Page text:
Abstract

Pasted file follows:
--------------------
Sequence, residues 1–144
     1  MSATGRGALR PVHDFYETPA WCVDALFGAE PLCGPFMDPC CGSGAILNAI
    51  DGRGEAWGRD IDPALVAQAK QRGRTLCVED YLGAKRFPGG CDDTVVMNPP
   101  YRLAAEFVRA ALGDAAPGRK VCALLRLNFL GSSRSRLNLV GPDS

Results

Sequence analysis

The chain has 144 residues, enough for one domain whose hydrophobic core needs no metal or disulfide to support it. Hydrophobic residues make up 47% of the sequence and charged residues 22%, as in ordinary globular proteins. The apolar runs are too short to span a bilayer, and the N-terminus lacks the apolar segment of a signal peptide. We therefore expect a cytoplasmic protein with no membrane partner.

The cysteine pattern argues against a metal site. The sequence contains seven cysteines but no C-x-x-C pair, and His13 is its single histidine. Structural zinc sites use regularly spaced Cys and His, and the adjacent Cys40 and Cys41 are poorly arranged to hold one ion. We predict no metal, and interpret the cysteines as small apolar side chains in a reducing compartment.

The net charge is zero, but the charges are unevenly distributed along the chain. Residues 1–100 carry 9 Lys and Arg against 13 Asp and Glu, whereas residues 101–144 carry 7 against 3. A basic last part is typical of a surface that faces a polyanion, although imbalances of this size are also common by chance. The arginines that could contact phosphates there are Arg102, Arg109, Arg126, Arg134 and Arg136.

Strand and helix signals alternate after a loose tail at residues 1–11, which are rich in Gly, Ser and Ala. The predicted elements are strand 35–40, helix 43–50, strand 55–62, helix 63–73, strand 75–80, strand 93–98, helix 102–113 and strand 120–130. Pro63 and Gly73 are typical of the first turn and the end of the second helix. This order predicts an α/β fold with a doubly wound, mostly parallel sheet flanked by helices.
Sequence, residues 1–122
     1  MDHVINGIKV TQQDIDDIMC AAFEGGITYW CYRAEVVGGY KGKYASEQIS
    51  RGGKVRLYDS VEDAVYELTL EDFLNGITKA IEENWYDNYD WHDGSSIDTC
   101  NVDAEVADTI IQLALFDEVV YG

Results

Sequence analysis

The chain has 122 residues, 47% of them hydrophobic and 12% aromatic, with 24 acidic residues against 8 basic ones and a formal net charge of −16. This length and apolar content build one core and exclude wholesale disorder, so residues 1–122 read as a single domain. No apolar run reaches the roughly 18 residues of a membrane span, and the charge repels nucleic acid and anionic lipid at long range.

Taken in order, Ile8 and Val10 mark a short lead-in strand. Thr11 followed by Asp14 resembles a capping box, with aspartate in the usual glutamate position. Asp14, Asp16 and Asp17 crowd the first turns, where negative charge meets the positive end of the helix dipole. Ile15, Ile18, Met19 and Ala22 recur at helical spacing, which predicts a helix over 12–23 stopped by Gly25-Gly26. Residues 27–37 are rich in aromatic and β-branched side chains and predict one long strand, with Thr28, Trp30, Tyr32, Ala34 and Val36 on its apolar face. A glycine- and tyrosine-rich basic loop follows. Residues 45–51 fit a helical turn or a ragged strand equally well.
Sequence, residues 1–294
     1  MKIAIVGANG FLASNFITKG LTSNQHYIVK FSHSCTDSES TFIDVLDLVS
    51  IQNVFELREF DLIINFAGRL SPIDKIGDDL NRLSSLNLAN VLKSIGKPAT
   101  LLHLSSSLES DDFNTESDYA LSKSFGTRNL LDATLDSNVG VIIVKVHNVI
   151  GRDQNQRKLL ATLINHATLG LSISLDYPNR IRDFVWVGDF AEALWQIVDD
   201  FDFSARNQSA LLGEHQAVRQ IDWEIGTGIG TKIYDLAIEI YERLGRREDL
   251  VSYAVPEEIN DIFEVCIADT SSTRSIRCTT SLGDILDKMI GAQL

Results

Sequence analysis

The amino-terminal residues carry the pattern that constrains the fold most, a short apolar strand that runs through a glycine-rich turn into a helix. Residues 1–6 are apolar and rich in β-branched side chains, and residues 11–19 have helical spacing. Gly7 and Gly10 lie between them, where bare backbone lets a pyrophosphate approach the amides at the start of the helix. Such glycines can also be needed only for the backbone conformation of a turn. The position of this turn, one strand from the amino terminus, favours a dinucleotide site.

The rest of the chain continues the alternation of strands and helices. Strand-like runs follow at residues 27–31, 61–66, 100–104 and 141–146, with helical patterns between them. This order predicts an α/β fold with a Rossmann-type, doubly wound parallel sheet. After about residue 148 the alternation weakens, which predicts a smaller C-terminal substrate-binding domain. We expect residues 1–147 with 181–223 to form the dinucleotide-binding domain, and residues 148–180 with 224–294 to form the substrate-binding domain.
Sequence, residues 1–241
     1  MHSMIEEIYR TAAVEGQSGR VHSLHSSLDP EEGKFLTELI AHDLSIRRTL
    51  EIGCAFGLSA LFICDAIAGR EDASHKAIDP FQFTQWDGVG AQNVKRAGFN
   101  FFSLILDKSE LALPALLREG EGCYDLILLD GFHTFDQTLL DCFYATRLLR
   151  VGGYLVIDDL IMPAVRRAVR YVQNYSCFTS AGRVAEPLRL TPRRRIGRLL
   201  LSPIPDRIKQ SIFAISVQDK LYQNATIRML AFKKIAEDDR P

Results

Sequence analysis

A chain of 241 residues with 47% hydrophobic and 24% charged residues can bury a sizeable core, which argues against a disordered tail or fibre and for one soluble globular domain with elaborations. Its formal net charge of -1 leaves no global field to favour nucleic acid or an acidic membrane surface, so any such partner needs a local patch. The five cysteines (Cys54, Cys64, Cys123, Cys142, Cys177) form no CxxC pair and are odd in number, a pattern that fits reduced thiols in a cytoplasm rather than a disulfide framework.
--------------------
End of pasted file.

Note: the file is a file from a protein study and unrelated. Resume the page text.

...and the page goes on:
Producers adjacent to a natural-gas storage field claimed that the natural gas they were producing was native gas from the area and not storage gas being pulled from the nearby gas storage field. The objective of this work is to apply a combination of area-specific and generic geochemical fingerprinting techniques to determine the source(s) of the natural gas being produced by third-party producers outside the gas storage field and to determine the extent of storage gas migration beyond geologic faults that lie between the production area and the gas storage field. An extensive set of natural-gas samples from the storage field, observation wells around the field, and third-party wells was analyzed for gas hydrocarbon and nonhydrocarbon compositions, as well as stable carbon isotopic compositions of methane and ethane. Gas chemical compositional data, including concentrations of the natural native gas tracer, helium, and ethane carbon isotope, were used to establish the unique fingerprints of native gas and storage gases (end-member sources) and to compare those end-member-source fingerprints to those of natural gas in the third-party wells. The analysis determined that gas in both the observation wells and third-party wells was, in fact, storage gas.

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